Reason.tv is currently running a very entertaining, humorous, and informative animated series which explains exactly how royally we are getting screwed by this Ponzi scheme we call Social Security. Here are the first four episodes:

Best Biden Interview Ever

Found via Michelle Malkin

UPDATE: The campaign retaliates by denying the TV station access for the rest of the campaign.

WFTV-Channel 9’s Barbara West conducted a satellite interview with Sen. Joe Biden on Thursday. A friend says it’s some of the best entertainment he’s seen recently. What do you think?

West wondered about Sen. Barack Obama’s comment, to Joe the Plumber, about spreading the wealth. She quoted Karl Marx and asked how Obama isn’t being a Marxist with the “spreading the wealth” comment.

“Are you joking?” said Biden, who is Obama’s running mate. “No,” West said.

West later asked Biden about his comments that Obama could be tested early on as president. She wondered if the Delaware senator was saying America’s days as the world’s leading power were over.

“I don’t know who’s writing your questions,” Biden shot back.

Biden so disliked West’s line of questioning that the Obama campaign canceled a WFTV interview with Jill Biden, the candidate’s wife.

“This cancellation is non-negotiable, and further opportunities for your station to interview with this campaign are unlikely, at best for the duration of the remaining days until the election,” wrote Laura K. McGinnis, Central Florida communications director for the Obama campaign.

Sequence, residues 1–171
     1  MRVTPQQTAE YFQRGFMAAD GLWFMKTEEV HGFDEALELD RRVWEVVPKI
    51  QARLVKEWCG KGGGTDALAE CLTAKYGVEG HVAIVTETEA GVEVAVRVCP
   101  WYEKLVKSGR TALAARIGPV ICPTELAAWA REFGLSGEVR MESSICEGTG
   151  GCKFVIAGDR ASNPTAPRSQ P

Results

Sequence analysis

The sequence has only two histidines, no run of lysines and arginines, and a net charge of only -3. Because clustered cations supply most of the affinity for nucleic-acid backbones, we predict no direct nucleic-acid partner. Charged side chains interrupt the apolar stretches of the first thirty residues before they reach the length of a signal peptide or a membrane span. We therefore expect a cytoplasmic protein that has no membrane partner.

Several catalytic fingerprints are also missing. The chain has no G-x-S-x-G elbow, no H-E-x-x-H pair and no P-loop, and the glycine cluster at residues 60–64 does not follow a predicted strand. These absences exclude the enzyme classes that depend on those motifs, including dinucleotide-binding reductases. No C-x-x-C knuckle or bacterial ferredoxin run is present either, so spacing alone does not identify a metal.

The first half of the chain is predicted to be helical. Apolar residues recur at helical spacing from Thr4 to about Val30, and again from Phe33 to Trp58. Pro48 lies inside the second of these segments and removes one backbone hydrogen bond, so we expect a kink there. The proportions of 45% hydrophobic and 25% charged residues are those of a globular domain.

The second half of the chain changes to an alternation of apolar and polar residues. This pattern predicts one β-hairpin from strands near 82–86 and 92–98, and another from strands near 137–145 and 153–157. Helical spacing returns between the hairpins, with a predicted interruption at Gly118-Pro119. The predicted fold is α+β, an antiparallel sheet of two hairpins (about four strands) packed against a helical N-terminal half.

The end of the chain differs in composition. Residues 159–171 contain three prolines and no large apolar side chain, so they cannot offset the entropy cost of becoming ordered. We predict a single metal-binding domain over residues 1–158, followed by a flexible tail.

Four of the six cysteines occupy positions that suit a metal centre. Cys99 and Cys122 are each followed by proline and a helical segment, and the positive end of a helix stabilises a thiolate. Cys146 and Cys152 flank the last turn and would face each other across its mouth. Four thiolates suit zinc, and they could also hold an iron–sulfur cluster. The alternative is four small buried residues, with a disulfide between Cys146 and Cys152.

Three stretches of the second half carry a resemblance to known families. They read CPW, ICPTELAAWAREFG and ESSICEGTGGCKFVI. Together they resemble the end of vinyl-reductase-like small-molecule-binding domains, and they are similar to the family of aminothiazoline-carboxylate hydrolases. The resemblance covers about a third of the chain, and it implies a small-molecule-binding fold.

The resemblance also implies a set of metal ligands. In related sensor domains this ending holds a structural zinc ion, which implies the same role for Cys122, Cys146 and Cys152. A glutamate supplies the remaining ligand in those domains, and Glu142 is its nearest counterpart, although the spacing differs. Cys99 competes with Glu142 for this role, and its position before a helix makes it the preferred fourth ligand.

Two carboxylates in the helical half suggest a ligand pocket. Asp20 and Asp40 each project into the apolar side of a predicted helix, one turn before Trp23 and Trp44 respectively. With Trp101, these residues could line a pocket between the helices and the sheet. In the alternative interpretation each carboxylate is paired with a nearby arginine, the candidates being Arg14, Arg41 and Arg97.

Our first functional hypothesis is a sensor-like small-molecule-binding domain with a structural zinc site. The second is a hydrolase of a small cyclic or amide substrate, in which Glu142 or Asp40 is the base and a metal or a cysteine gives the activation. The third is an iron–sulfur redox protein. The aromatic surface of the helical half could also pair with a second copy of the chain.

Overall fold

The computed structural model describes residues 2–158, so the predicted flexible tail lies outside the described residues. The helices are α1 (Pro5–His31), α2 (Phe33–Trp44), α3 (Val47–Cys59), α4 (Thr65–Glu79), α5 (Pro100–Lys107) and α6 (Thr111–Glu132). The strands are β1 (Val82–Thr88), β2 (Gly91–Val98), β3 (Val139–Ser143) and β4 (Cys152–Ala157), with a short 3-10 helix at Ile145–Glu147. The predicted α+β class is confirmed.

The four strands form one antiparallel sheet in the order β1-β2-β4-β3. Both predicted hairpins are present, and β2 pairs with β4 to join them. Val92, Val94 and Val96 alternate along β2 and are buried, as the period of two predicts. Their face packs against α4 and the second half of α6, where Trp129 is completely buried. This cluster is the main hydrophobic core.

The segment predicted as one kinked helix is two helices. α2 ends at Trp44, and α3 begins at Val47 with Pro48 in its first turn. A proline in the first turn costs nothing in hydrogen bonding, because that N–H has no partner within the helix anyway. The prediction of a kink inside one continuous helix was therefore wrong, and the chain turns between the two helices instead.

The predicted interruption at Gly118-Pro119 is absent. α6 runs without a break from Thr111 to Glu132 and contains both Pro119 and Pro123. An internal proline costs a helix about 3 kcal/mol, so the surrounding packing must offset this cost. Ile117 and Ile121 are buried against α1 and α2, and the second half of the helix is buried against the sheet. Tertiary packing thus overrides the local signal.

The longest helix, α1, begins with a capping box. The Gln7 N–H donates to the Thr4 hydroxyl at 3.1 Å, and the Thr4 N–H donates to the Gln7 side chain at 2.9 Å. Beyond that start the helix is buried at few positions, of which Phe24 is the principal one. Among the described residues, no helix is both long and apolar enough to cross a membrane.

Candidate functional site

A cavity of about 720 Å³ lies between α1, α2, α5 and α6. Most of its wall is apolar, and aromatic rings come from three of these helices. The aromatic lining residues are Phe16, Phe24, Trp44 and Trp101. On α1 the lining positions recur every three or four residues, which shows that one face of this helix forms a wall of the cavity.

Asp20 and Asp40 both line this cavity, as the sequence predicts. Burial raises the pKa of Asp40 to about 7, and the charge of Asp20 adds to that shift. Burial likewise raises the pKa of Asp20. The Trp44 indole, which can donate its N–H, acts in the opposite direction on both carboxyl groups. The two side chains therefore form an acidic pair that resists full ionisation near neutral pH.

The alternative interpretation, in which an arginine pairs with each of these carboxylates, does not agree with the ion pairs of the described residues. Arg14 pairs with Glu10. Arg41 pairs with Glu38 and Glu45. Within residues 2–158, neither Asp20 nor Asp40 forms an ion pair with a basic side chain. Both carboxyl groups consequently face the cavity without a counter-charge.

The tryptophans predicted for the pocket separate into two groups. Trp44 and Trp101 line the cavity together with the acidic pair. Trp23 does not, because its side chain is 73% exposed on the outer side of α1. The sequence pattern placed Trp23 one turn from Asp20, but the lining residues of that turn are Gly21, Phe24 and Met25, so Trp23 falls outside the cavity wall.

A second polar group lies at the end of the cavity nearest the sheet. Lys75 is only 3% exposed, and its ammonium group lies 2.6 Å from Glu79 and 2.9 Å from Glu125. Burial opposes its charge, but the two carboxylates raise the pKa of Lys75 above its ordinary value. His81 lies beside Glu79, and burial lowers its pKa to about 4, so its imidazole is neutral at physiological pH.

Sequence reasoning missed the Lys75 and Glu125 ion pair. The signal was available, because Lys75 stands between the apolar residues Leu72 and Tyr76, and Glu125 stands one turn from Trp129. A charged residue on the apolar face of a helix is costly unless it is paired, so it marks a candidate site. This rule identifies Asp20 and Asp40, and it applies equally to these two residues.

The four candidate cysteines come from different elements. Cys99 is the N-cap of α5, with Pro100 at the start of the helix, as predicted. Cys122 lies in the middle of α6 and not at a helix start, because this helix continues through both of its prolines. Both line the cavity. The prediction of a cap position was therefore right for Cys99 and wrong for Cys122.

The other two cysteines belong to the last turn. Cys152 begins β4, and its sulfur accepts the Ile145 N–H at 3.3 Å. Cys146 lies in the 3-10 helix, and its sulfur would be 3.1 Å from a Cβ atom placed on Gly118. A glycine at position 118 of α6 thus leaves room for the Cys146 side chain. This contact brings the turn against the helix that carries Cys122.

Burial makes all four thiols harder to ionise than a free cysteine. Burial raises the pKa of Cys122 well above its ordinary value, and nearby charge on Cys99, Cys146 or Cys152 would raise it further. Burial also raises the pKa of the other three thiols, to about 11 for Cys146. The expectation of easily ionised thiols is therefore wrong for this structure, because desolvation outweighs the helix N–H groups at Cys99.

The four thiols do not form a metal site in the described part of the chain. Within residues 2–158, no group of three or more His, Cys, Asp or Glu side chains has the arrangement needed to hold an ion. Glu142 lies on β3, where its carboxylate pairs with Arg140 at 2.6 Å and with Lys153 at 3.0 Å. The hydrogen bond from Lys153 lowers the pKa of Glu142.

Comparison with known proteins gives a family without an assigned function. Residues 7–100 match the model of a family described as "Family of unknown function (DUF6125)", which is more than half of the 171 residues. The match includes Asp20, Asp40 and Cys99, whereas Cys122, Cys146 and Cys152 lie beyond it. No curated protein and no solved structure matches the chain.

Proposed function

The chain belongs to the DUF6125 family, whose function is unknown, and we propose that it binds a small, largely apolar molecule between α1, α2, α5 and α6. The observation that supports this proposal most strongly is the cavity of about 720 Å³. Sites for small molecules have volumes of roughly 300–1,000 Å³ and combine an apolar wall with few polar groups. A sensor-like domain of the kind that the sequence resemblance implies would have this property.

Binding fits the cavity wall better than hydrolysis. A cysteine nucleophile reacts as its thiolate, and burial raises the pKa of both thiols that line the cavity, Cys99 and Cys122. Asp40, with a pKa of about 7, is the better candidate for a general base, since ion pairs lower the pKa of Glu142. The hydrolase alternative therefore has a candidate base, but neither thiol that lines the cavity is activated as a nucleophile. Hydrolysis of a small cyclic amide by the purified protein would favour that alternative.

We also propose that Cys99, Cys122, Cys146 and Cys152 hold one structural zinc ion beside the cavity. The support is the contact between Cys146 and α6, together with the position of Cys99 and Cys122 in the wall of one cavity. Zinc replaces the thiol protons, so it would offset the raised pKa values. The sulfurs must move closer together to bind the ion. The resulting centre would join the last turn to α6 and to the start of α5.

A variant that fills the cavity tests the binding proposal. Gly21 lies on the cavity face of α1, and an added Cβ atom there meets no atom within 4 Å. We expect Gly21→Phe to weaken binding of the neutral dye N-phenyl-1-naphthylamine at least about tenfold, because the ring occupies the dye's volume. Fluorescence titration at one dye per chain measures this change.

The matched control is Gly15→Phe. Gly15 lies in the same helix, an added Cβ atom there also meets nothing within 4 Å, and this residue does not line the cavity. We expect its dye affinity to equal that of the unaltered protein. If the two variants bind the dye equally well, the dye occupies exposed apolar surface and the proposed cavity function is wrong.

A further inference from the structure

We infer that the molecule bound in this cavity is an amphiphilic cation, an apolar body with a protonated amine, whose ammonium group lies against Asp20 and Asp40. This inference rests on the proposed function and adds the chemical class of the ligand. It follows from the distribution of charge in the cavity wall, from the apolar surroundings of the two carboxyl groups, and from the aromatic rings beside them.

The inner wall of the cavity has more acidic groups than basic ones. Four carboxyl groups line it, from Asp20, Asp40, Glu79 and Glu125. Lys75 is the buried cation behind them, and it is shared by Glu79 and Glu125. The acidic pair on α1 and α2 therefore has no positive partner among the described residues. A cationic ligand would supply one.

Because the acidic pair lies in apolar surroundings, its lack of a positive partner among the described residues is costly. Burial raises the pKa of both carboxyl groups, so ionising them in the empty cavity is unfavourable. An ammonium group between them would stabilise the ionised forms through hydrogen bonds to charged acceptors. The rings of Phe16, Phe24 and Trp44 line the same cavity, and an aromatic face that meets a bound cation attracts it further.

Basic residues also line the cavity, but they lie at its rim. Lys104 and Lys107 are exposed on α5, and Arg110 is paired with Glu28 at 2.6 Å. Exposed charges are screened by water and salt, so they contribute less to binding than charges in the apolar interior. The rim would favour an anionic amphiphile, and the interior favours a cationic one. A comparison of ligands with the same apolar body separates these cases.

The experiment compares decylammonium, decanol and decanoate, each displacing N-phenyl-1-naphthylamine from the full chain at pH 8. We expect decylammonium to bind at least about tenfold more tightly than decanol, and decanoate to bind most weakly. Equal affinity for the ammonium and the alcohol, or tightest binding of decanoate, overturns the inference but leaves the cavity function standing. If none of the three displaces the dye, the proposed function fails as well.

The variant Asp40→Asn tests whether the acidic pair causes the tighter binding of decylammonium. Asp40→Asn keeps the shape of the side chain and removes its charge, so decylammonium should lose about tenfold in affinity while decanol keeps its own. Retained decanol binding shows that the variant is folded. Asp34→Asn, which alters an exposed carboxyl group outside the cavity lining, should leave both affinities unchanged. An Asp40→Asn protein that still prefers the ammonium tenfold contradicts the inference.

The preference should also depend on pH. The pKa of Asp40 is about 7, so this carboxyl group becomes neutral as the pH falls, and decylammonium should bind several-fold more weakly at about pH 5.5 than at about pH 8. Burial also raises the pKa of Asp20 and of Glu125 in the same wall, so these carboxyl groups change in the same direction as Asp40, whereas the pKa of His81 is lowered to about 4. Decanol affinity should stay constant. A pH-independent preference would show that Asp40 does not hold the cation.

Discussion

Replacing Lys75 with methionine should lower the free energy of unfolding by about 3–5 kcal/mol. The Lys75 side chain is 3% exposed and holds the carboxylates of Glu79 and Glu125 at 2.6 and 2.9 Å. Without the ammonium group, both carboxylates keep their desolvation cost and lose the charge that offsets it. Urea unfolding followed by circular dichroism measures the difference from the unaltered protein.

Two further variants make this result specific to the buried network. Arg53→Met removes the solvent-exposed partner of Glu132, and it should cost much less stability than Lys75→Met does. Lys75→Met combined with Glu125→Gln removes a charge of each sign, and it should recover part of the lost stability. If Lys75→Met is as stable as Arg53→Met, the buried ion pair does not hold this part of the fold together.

McGinnis said the Biden cancellation was “a result of her husband’s experience yesterday during the satellite interview with Barbara West.”

Here’s a link to the interview: http://www.wftv.com/video/17790025/index.html.

WFTV news director Bob Jordan said, “When you get a shot to ask these candidates, you want to make the most of it. They usually give you five minutes.”

Jordan said political campaigns in general pick and choose the stations they like. And stations often pose softball questions during the satellite interviews.

“Mr. Biden didn’t like the questions,” Jordan said. “We choose not to ask softball questions.”

Jordan added, “I’m crying foul on this one.”

What did you think of the interview?

I think the news directors response was perfect.

I am a cynically romantic optimistic pessimist. I am neither liberal, nor conservative. I am a (somewhat disgruntled) muscular minarchist… something like a constructive anarchist.

Basically what that means, is that I believe, all things being equal, responsible adults should be able to do whatever the hell they want to do, so long as nobody’s getting hurt, who isn’t paying extra